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۱Isolation of genes specifically involved in hyponastic growth in Rumex palustris during ethylene treatment.
اطلاعات انتشار: چهارمین همایش ملی بیوتکنولوژی ایران، سال
تعداد صفحات: ۴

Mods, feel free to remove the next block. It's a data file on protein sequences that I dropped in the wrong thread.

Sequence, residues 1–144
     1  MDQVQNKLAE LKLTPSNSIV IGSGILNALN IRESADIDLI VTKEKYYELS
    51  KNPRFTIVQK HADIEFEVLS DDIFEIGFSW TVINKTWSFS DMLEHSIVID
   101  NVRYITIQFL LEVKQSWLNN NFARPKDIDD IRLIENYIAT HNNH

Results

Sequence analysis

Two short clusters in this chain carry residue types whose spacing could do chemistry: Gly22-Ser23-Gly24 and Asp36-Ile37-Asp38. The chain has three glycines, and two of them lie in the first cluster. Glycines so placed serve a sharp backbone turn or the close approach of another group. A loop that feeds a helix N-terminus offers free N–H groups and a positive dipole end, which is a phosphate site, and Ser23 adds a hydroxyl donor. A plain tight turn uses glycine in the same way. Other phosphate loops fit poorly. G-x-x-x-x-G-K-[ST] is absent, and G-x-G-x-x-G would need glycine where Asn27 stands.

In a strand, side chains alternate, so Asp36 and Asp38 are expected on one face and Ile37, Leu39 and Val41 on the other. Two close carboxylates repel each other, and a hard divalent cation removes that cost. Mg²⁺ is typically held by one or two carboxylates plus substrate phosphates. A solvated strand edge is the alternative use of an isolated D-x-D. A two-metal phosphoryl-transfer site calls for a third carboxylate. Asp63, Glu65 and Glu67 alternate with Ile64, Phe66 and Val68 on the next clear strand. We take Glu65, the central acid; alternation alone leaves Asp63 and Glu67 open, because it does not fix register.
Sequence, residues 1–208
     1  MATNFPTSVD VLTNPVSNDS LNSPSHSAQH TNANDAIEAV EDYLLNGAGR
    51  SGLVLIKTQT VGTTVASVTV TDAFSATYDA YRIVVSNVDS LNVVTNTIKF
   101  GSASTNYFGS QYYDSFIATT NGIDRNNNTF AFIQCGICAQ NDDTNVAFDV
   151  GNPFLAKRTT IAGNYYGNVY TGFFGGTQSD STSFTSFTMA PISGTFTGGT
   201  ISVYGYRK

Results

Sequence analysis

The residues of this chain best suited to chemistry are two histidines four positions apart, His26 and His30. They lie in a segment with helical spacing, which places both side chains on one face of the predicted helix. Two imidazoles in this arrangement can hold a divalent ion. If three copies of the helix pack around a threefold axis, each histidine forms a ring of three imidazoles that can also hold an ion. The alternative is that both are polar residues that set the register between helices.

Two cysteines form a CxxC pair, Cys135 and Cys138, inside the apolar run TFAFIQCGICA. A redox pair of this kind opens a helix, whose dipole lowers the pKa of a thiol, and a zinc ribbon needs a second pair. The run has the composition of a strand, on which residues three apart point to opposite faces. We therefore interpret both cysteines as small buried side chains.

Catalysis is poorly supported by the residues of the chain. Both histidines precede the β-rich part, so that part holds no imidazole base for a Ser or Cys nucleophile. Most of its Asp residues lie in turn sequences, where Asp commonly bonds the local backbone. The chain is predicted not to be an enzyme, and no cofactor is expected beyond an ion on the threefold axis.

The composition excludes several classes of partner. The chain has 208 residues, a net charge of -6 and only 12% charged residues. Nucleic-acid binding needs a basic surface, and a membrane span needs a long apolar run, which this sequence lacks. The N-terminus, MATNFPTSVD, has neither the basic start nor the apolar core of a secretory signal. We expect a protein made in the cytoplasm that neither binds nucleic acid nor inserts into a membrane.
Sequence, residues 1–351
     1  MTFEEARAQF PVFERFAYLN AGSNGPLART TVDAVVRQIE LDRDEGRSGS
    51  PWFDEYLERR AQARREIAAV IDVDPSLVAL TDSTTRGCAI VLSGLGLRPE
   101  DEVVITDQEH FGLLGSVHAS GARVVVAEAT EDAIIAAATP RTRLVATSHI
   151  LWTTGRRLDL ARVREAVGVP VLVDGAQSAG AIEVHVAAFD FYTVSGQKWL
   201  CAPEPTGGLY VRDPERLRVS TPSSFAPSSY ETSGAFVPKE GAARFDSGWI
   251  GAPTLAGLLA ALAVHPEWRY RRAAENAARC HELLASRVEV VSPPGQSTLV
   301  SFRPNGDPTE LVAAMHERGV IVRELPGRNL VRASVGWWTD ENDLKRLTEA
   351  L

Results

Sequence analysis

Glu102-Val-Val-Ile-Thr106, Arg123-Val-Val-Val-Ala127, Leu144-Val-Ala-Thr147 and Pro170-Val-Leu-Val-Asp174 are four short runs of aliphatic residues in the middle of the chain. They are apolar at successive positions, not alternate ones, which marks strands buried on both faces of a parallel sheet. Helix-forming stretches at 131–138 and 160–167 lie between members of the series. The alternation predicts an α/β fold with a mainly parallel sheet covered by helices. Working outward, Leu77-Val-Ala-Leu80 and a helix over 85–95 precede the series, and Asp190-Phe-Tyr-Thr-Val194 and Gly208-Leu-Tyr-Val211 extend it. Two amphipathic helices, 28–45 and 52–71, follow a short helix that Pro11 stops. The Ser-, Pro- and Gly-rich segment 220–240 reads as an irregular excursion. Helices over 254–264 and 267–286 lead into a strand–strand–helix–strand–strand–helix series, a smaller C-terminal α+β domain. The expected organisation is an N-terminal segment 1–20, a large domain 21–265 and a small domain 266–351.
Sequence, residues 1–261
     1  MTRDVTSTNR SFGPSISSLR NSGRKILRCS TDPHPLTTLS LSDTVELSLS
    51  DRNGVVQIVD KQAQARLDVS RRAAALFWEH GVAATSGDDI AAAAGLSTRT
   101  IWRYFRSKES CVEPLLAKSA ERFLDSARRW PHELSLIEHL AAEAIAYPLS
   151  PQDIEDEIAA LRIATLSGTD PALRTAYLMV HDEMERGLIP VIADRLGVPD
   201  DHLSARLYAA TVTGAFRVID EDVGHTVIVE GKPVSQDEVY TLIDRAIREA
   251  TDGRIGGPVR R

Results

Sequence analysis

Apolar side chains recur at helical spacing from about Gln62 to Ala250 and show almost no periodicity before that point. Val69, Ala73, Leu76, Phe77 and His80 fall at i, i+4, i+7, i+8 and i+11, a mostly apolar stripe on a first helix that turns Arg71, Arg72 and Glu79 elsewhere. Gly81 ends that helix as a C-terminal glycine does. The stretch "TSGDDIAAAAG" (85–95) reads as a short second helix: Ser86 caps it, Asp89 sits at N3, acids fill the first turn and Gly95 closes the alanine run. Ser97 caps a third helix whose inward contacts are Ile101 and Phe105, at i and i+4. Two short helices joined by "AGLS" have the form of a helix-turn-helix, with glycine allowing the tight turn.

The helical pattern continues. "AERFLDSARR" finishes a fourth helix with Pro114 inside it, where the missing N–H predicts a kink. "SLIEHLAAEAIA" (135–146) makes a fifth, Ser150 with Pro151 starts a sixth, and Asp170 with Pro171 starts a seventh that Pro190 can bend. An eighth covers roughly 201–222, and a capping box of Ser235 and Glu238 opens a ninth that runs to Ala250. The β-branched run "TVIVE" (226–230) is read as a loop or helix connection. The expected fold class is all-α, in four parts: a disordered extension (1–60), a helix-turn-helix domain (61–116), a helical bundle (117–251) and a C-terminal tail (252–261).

Due to physical entrapment, Rumex palustris accumulates ethylene in response to complete submergence. Recently, our research has shown that this gaseous plant hormone plays a critical role in the induction of hyponastic (upward) growth and petiole elongation in submerged R. palustris. These adaptive responses allow survival of the plant by bringing the leaf tips above the water surface and thus re–establishing gas exchange. The full response to submergence can be mimicked by treating plants with 5 ppm ethylene. Hyponastic growth starts one hour after the onset of ethylene treatment and is completed after 6 hours. The kinetics of hyponastic growth depends on the initial angle of the petiole at the time of the start of the ethylene treatment. Manipulation of petiole angles revealed that petioles with an initial angle of 70 degrees and above do not show hyponastic growth as a response to ethylene anymore. However, plants are still capable of petiole elongation. To identify genes specifically involved in the hyponastic response we employed a DNA subtraction method. For this purpose we prepared cDNA from mRNA isolated from non–manipulated (initial angle 30 degrees) petioles (hereafter called the 30 pool) and manipulated petioles (70 degrees, no more hyponastic growth, hereafter called the 70 pool) after 2 h of ethylene treatment. Two–way subtraction of these pools identified five genes in the 30 pool that were not expressed in the 70 pool, and three genes in the 70 pool that were not expressed in the 30 pool. The genes were cloned, sequenced and are now under further investigation.<\div>
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